IFA calls for new protocol for those in financial difficulties

The current structure for negotiations between banks and small businesses in dealing with credit difficulties is not working, according to the IFA and other associations.

The Irish Farmers’ Association (IFA), the Vintners Federation of Ireland (VFI), Irish Property Owners Association (IPOA) and RGDATA have come together to say that the current basis on which negotiations between banks and small businesses in dealing with credit difficulties, is not working.

In a joint statement issued this morning (Monday), the group said: “While the Irish economy is beginning to recover from the worst recession experienced in a generation, a significant number of small, family-owned enterprises are still facing financial difficulties. There remains a pressing need to ensure that these difficulties are resolved in order to maximise the numbers employed in small enterprises across Ireland. Regrettably, it has become clear to the bodies representing family businesses in key sectors that the action of some of the banks is actively damaging the recovery for some businesses.”

It said that acceptable compromise and viable solutions are not being reached and that, in some instances, banks are imposing unreasonable conditions on customers seeking to refinance, which are just not achievable. This results in high levels of stress and anxiety for the business owner and their family.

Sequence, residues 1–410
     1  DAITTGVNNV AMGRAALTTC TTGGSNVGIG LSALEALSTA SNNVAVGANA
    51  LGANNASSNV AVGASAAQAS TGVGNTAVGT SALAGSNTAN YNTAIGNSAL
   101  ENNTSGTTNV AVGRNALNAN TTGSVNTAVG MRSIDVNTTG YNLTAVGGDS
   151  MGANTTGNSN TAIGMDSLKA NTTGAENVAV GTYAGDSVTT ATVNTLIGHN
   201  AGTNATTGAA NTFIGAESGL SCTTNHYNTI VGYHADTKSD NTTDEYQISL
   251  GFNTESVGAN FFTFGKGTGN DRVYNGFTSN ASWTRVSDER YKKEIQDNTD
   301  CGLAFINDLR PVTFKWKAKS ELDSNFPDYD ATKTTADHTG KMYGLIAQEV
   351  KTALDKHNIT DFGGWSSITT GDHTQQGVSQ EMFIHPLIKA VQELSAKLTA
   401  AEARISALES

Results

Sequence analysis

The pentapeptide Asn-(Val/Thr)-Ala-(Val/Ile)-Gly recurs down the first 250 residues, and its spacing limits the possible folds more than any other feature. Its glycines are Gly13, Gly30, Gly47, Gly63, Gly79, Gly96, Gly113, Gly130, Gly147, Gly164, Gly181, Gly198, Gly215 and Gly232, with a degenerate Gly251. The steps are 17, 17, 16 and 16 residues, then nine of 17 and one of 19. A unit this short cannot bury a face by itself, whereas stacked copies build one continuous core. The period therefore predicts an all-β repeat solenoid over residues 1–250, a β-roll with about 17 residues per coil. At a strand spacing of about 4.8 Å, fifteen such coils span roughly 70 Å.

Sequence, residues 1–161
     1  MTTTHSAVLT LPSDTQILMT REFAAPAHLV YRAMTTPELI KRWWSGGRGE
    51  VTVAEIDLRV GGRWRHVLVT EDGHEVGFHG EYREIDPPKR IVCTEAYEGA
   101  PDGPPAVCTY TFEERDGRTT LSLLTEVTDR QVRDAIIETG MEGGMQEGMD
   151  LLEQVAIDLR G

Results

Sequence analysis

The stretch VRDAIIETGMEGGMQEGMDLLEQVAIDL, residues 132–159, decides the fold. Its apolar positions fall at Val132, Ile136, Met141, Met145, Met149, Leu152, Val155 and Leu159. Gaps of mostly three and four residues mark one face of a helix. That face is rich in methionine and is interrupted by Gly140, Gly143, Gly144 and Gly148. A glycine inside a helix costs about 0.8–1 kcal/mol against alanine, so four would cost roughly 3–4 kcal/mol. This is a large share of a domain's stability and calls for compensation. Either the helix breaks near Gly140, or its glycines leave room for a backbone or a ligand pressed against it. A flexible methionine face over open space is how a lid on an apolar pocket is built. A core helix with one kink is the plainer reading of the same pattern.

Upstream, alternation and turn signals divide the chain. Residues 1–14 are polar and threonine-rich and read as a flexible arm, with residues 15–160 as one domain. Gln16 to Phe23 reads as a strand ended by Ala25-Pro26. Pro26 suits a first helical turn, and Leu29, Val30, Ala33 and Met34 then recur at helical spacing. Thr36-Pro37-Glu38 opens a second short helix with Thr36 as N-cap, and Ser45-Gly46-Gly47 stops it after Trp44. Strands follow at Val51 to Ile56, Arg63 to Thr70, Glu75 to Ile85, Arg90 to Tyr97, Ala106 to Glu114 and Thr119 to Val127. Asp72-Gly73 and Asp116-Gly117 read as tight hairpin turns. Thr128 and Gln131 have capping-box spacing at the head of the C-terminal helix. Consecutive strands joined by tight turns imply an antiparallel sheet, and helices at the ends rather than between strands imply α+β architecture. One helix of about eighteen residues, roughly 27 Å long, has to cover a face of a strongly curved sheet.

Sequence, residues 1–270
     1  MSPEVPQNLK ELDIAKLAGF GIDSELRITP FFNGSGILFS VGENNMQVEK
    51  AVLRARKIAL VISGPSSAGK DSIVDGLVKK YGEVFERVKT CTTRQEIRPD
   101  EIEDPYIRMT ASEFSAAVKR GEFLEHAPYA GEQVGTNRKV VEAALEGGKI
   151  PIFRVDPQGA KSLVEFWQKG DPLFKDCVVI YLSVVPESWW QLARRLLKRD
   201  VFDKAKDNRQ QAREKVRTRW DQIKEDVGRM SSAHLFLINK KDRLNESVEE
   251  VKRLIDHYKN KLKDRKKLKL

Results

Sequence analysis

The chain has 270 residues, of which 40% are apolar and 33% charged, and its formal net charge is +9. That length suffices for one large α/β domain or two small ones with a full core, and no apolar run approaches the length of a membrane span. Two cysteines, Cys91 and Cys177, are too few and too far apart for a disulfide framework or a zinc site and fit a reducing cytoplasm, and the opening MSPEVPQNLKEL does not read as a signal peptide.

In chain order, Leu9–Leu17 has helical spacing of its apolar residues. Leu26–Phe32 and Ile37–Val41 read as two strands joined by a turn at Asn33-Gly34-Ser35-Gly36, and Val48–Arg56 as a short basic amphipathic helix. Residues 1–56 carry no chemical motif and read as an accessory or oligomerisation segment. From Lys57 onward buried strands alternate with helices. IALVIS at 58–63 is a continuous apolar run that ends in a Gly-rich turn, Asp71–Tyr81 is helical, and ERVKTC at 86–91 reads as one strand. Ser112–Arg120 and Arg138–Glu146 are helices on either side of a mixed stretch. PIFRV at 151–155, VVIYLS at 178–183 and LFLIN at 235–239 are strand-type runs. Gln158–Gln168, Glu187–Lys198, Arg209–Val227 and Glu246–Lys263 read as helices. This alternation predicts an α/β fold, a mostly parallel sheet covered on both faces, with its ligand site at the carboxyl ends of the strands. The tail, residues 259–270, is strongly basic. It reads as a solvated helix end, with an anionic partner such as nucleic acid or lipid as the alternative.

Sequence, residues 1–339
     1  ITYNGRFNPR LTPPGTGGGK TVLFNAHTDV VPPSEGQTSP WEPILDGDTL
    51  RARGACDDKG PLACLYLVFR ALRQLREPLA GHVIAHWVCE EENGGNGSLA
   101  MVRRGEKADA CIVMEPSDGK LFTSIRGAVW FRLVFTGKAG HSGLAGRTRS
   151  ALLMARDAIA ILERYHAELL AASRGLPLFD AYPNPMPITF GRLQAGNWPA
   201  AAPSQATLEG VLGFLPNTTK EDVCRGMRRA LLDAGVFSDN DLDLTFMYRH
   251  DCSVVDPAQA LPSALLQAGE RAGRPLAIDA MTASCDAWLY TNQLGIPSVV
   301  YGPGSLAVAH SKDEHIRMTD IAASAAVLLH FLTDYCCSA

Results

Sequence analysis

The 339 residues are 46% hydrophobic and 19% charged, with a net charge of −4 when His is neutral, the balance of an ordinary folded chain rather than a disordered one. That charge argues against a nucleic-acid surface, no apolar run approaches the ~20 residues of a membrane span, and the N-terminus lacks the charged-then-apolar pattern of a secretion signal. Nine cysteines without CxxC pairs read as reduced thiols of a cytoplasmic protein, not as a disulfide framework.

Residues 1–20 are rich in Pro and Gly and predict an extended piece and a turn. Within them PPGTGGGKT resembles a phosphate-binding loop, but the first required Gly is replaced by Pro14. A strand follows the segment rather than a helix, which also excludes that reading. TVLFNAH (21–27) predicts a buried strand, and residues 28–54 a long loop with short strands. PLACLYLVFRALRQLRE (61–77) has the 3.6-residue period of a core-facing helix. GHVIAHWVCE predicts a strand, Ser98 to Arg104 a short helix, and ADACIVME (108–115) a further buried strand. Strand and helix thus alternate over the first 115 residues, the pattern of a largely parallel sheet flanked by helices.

The group’s key demands are:

  • Banks must seek resolutions that preserve the viability of the underlying business and maintain employment;
  • For all negotiations, a clearly identified point of contact in the bank must be agreed, who has responsibility for delivering a sustainable solution acceptable to both parties;
  • A dispute resolution/mediation service[1] must be employed where banks and borrowers cannot reach agreement; and,
  • Agreements reached must be full and final.

IFA President Eddie Downey said, “If we are going to maintain the maximum number of viable farm businesses, there must a fundamental change in the process of negotiation with the banks. Both the borrower and lender must be prepared to contribute to a sustainable solution, with negotiations entered into on the basis of reaching full and final settlement”.

 

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